Hansen Pole Buildings’ clients (and probably those of most businesses) generally fall into one of three categories.

The first (where the majority reside), follow directions and are self-reliant enough to work themselves past unforeseen challenges. They send in photos when their buildings are completed.

The second is more often than not an unhappy camper on a good day. “This building kit is the worst ever, your engineer is an idiot, and you need to fix it now”. Hmmmm, I think. Same kit we send out to the 98% of people who rave about quality and design, and the very same engineer.

I go with, “How about we look at the Building Plans and see what went wrong”. All too often I get a variation of, “Let me go look for them….now where are they?”.

Once the pole barn plans are out, the root of the situation is often uncovered. If not, we take the position of, “We must have done something wrong”. We track the path – Materials List is compared manually to the building plans, purchase orders to the material list, vendor confirmations to the purchase orders, and delivery tickets to the confirmations. As humans, we make mistakes, we are not perfect – we admit them and then do the important part – we resolve them as expediently as is reasonably practical.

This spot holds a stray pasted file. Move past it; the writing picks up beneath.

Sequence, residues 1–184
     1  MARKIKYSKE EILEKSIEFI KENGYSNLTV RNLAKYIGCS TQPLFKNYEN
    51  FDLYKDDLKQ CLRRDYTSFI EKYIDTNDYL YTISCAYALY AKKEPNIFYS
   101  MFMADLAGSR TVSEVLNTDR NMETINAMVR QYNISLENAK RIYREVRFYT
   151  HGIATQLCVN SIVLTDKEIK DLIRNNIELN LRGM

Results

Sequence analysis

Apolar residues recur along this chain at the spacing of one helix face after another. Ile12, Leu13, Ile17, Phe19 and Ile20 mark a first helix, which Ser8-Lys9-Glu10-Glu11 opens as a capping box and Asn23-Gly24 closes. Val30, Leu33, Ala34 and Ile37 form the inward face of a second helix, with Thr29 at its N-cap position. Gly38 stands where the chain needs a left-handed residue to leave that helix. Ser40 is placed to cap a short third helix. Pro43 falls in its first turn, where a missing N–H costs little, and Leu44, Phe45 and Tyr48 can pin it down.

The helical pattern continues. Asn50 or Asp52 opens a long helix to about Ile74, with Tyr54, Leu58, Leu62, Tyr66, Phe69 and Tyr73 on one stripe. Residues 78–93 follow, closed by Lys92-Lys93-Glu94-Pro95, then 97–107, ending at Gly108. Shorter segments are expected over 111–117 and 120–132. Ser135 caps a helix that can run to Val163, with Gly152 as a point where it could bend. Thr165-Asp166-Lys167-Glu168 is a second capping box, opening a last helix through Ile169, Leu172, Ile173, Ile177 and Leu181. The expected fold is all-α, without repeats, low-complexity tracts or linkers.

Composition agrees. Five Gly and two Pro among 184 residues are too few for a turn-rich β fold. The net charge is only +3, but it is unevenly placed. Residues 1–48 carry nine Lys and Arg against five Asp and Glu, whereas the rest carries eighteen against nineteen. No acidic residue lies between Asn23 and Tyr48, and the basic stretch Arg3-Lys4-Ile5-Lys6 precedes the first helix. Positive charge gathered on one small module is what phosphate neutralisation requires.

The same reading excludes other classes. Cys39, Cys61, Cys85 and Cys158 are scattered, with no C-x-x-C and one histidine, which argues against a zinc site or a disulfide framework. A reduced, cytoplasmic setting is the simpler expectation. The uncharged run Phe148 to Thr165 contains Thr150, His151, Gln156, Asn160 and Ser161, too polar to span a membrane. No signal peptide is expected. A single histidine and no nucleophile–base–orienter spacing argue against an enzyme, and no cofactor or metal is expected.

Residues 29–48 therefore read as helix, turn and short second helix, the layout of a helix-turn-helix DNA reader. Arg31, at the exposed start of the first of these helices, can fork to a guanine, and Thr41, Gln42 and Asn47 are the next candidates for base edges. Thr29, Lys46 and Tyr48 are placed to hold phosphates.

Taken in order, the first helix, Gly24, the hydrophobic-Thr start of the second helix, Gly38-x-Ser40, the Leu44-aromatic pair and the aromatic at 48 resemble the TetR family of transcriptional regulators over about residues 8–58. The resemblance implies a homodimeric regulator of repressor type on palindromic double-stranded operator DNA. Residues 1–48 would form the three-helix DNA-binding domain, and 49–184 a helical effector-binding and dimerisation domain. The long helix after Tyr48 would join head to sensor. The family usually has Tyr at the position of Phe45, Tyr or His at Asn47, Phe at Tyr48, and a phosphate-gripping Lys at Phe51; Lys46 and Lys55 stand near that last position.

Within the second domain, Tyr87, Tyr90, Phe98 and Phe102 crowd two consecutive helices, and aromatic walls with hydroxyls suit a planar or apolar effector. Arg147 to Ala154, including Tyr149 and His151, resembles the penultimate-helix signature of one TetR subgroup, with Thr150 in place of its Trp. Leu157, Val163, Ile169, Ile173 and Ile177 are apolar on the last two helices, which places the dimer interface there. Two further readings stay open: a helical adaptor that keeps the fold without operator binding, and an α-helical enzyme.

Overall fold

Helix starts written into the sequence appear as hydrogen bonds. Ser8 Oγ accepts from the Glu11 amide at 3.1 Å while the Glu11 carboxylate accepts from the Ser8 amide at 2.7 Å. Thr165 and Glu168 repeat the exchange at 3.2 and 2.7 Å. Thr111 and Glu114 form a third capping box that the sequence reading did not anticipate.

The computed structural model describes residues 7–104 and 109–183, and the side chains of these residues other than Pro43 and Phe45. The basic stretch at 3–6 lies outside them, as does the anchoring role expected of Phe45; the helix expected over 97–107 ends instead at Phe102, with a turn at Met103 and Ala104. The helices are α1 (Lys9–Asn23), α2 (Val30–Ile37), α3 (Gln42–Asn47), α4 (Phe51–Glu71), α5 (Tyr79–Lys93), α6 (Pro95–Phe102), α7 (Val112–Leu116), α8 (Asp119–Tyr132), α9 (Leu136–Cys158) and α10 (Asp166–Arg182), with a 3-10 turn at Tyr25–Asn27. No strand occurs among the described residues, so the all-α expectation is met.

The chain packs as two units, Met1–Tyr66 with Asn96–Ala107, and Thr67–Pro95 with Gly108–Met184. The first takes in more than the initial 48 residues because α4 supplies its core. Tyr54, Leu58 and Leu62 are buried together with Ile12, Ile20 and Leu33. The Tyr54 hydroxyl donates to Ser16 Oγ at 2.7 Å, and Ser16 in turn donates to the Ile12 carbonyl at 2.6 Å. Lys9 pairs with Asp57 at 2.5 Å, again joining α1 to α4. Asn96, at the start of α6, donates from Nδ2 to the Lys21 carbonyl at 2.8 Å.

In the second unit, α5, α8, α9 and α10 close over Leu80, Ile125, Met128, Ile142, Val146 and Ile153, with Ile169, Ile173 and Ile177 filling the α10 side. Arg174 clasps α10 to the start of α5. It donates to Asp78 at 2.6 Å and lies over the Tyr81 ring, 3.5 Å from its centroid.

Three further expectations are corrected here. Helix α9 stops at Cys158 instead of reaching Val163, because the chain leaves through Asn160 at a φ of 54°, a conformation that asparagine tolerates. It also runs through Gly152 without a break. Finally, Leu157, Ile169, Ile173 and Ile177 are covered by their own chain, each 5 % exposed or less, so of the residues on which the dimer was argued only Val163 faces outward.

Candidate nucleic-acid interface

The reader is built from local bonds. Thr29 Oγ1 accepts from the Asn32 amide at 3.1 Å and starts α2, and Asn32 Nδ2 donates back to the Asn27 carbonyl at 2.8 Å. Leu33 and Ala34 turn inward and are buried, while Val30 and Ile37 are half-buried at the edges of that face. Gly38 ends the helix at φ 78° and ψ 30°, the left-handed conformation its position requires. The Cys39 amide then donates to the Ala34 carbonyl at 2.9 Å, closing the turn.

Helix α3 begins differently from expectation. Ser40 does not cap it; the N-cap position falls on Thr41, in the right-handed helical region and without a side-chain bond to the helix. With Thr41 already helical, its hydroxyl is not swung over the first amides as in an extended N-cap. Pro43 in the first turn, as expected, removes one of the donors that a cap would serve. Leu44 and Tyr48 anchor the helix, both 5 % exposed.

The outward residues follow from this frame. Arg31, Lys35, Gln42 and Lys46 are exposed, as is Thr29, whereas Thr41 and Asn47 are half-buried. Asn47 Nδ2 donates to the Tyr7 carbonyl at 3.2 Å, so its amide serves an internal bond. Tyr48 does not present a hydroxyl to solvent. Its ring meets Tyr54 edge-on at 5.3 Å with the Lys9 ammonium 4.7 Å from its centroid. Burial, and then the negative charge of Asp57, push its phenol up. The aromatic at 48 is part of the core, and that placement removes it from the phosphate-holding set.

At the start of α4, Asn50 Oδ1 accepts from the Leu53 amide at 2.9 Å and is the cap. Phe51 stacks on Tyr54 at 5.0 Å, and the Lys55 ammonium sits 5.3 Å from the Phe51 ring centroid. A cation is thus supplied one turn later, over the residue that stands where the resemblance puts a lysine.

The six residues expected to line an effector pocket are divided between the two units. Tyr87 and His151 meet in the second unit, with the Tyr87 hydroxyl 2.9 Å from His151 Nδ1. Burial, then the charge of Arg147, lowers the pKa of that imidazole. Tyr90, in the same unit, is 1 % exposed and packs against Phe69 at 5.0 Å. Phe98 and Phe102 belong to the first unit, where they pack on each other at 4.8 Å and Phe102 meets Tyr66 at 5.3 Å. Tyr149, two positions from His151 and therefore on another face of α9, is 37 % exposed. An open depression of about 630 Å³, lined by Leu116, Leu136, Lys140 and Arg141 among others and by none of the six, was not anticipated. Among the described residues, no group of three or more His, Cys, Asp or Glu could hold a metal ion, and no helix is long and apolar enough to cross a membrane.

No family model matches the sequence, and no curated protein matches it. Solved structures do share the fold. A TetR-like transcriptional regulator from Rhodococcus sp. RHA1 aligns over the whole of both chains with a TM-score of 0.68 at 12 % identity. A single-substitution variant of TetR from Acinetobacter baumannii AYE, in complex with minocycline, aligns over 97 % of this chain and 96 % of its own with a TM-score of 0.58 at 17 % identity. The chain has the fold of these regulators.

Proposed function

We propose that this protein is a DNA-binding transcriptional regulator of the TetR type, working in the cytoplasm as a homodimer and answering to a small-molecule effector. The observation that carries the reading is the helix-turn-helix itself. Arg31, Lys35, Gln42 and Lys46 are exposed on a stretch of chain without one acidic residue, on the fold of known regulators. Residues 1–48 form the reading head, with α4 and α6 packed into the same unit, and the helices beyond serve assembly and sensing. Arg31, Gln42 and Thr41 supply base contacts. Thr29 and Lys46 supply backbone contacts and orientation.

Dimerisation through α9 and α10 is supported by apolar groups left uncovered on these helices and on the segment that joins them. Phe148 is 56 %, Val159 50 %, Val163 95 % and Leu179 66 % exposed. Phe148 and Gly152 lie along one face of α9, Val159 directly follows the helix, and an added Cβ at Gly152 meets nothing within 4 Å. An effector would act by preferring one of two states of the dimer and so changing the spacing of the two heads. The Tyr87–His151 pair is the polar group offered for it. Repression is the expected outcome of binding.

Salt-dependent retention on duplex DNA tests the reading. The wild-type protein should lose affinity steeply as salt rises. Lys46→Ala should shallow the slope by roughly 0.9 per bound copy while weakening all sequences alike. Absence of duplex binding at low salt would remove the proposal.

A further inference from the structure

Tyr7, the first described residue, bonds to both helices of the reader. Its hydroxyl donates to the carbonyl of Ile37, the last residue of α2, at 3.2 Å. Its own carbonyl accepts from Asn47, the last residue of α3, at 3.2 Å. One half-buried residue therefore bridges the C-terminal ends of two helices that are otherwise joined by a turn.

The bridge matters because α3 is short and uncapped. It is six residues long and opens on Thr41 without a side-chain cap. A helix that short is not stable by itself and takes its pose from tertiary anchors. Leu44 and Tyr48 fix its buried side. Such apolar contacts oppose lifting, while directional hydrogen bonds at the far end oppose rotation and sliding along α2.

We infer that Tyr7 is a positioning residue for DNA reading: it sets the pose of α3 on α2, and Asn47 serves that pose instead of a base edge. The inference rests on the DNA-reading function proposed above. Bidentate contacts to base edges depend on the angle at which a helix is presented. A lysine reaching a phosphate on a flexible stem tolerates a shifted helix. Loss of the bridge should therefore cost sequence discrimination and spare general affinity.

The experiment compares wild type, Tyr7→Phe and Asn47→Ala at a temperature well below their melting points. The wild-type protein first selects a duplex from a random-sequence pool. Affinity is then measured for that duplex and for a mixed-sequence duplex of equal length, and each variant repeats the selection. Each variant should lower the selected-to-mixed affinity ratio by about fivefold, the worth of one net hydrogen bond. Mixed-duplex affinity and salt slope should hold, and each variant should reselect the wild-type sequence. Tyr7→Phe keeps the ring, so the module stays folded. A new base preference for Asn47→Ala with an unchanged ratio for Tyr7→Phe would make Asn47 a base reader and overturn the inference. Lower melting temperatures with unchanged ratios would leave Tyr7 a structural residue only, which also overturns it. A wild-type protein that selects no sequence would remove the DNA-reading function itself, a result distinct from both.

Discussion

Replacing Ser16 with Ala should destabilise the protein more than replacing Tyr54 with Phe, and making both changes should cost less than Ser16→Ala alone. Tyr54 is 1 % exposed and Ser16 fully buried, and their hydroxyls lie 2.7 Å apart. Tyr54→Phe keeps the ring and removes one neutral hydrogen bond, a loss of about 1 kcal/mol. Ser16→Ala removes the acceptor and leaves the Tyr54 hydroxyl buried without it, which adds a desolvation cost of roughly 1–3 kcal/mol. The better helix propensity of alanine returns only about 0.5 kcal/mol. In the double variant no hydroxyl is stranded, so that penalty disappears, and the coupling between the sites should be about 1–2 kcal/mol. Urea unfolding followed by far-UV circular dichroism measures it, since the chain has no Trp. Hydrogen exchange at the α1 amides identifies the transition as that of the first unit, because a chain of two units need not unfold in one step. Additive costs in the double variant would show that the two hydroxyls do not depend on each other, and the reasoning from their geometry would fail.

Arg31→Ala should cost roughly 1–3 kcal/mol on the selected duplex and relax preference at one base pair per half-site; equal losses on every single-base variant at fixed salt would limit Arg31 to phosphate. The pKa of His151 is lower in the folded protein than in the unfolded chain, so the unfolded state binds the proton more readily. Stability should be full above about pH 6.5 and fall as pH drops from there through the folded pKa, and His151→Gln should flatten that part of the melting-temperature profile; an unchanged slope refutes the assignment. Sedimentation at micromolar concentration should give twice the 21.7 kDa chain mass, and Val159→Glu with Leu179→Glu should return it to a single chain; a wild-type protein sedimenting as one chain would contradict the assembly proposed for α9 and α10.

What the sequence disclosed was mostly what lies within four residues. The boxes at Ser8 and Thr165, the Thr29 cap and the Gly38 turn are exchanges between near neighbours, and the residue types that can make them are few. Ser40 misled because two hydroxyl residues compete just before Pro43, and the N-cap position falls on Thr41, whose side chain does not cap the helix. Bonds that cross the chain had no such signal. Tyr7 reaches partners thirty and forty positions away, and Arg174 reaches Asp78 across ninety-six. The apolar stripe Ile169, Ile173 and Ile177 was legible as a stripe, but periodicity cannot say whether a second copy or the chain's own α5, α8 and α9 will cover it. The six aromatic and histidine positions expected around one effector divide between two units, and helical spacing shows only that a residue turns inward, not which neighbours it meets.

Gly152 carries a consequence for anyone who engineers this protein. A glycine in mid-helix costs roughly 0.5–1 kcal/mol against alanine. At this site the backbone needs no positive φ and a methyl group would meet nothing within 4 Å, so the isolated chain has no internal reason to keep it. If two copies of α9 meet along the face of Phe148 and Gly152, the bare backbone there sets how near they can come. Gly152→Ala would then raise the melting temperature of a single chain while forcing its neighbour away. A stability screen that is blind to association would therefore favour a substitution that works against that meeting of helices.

All too often, even after the mistake is gently pointed out to them, do they admit to culpability. My sympathy level – low.

The third is generally a building owner who is diligently and carefully doing his or her own work. The call comes in, “I’ve made the worst possible error ever. You’ve probably never heard anything so bad.”

I actually love these people – they are so good to work with.

In my past life, I managed 35 pole building crews, across six states. If a mistake could be made, my crews found a way to do it. I’ve yet to have a Do-It-Yourself (DIY) builder top what my guys had done. I happily tell clients this story, talking them down into a more realistic perspective.

For these folks – I’ve always done everything reasonably practical to assist them. Worked them through how to solve a problem, and not repeat the mistake. Sent them a couple hundred screws for free, or arranged more or replacement materials at a discount.

In other words, it’s OK to step on a dog. It happens. Just don’t blame the dog.